Skip to main content

Optics and Photonics

Light allows us to observe the world. In modern society, optics and photonics are vital to both industry and major research fields. Automated systems are developed for a multitude of tasks, with a growing optical sensing industry providing the information needed for an automated response. Research on single-photon interaction aims to develop new tools for quantum information processing. Super-resolution systems are pushing the limits of biological imaging.

Optics and Photonics at KTH

By studying optics and photonics, you will receive a broad knowledge of optics ranging from advanced quantum optics through photonic devices and wave optics to geometrical optics systems. A minimum of 40 credits must be chosen from core knowledge courses within the track. Among them, there are two mandatory courses, one on light propagation ( Optical physics SK2300 ) and the other on light-matter interaction ( Light-matter interaction SK2902 ). You can then choose your own direction within the field from a wide range of courses.

Courses are taught by research groups at the Department of Applied Physics, often in close relation to their research topics. For example, the Quantum-and Biophotonics unit  gives courses on quantum optics and photonics, the Photonics unit  on light-matter interaction and photonic devices, the Laser Physics group  on laser physics and spectroscopy, the  on microscopy and bionanophotonics and the Biomedical and X-ray Physics unit  on x-ray physics and applied optics.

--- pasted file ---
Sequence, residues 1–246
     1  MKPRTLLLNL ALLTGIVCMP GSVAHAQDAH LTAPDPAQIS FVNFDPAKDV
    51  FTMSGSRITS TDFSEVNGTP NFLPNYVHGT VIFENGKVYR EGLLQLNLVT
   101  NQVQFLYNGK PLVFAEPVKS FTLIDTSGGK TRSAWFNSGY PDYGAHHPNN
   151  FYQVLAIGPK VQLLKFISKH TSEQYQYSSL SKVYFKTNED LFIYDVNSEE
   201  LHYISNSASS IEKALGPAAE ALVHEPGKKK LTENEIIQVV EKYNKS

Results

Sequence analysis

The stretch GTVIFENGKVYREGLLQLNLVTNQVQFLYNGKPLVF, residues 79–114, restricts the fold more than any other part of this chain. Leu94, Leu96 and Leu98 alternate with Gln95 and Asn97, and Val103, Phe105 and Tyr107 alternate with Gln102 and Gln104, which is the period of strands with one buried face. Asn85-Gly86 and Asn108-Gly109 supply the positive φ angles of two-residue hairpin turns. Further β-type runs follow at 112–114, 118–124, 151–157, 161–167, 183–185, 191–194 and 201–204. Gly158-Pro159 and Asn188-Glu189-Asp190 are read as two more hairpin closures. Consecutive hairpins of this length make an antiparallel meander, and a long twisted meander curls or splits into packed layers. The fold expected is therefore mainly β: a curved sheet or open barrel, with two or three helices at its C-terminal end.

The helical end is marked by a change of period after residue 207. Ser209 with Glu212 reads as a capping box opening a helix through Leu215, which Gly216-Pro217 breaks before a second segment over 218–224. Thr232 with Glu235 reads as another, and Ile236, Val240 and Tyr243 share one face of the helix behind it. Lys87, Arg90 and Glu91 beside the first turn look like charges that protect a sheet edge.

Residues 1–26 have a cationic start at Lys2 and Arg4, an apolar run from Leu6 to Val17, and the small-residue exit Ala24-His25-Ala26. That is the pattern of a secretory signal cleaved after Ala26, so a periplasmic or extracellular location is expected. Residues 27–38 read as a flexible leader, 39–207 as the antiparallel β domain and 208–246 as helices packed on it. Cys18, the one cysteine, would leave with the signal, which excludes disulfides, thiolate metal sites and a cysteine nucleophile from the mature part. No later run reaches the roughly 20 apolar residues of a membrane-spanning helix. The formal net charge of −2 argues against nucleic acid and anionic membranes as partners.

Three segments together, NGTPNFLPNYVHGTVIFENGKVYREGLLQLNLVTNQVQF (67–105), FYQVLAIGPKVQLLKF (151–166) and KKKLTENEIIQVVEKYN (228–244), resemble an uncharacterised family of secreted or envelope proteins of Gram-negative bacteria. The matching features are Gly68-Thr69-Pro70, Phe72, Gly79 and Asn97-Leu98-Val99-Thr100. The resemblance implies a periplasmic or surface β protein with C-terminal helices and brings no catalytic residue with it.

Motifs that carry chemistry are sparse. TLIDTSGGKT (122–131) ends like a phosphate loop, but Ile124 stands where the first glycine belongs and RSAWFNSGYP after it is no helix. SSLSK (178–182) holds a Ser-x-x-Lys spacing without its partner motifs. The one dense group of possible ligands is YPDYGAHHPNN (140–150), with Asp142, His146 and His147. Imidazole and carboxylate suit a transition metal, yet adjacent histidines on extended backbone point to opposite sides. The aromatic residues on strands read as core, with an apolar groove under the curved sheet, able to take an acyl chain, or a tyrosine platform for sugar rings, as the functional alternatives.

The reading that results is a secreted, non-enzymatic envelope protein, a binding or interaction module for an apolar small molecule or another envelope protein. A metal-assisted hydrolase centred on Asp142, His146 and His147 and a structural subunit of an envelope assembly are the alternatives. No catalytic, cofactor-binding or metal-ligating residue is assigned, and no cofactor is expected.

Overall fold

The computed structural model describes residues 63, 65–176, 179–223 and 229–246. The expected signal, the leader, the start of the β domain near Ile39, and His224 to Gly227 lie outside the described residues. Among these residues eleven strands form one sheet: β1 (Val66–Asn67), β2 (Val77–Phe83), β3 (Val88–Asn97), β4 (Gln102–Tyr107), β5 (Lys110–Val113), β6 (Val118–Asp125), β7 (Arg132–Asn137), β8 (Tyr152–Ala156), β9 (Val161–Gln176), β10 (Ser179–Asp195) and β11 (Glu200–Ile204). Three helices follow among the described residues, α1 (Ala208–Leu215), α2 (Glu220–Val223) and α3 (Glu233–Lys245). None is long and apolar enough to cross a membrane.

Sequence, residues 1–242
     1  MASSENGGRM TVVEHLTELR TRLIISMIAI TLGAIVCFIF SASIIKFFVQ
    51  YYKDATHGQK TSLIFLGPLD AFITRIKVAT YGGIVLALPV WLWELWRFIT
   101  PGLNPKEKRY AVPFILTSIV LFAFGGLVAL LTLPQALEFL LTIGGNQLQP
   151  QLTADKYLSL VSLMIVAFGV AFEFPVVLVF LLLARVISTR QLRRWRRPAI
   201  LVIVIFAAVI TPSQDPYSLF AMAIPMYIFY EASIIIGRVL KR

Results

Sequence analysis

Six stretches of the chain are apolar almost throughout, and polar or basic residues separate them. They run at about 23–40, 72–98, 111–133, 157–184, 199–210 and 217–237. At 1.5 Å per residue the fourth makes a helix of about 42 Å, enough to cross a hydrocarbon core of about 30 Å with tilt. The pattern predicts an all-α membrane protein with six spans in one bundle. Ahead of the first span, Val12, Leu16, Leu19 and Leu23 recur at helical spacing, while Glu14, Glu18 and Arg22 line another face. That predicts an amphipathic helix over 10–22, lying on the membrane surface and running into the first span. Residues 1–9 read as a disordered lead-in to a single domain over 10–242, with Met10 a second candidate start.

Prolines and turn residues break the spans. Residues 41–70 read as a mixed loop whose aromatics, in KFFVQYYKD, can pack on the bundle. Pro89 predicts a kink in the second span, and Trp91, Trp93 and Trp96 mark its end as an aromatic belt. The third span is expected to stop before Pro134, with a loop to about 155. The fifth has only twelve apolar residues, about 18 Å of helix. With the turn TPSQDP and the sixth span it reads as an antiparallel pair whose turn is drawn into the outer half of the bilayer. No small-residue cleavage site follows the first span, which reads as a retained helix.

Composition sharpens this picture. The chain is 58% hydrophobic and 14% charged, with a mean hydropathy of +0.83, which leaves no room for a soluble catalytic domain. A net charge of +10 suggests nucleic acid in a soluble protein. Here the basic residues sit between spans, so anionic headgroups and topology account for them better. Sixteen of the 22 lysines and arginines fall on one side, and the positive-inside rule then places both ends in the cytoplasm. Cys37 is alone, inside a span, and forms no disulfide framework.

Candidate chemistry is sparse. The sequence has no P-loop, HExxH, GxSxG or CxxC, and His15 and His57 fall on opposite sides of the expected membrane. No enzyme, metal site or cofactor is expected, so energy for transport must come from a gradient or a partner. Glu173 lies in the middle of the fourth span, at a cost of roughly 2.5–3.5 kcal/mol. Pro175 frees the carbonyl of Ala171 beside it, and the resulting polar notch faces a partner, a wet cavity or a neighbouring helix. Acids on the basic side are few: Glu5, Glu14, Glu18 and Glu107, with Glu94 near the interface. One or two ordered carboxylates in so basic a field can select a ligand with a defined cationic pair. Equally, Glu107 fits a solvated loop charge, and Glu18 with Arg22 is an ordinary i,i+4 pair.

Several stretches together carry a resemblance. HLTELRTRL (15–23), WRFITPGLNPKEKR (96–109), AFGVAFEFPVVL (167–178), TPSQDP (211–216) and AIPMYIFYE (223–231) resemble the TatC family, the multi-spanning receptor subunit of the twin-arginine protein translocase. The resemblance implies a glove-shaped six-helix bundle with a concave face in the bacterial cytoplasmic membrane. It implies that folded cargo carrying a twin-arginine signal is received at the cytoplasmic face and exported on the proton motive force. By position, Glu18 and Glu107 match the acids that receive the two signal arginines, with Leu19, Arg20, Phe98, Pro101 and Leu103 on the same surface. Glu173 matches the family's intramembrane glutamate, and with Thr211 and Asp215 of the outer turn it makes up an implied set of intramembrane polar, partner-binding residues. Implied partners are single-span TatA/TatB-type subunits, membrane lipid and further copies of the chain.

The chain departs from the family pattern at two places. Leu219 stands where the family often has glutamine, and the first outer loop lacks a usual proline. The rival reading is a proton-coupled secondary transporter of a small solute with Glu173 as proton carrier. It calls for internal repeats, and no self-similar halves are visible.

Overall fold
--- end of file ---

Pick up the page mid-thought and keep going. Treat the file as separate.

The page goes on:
Topics covered

You will cover the basics of optics: geometrical optics, wave optics and quantum optics or photonics. This knowledge will be put to use in a wide range of applications such as optical design, optical devices, lasers, optical fibers, nanophotonics or biomedical optics.


After completing your master’s degree on the Optics and Photonics track, both the academic and the industrial route will be open to you. Those students with an interest in research can contact the different research groups during their studies and often continue to do a PhD. Those students with interests in industry often go to research and development in optics companies. Due to increased automation, and a consequent increased need for optical sensors, the optical industry in Sweden is growing.

Graduate interview

Tunhe Zhou
(Optics and Photonics track)
Stockholm University Brain Imaging Centre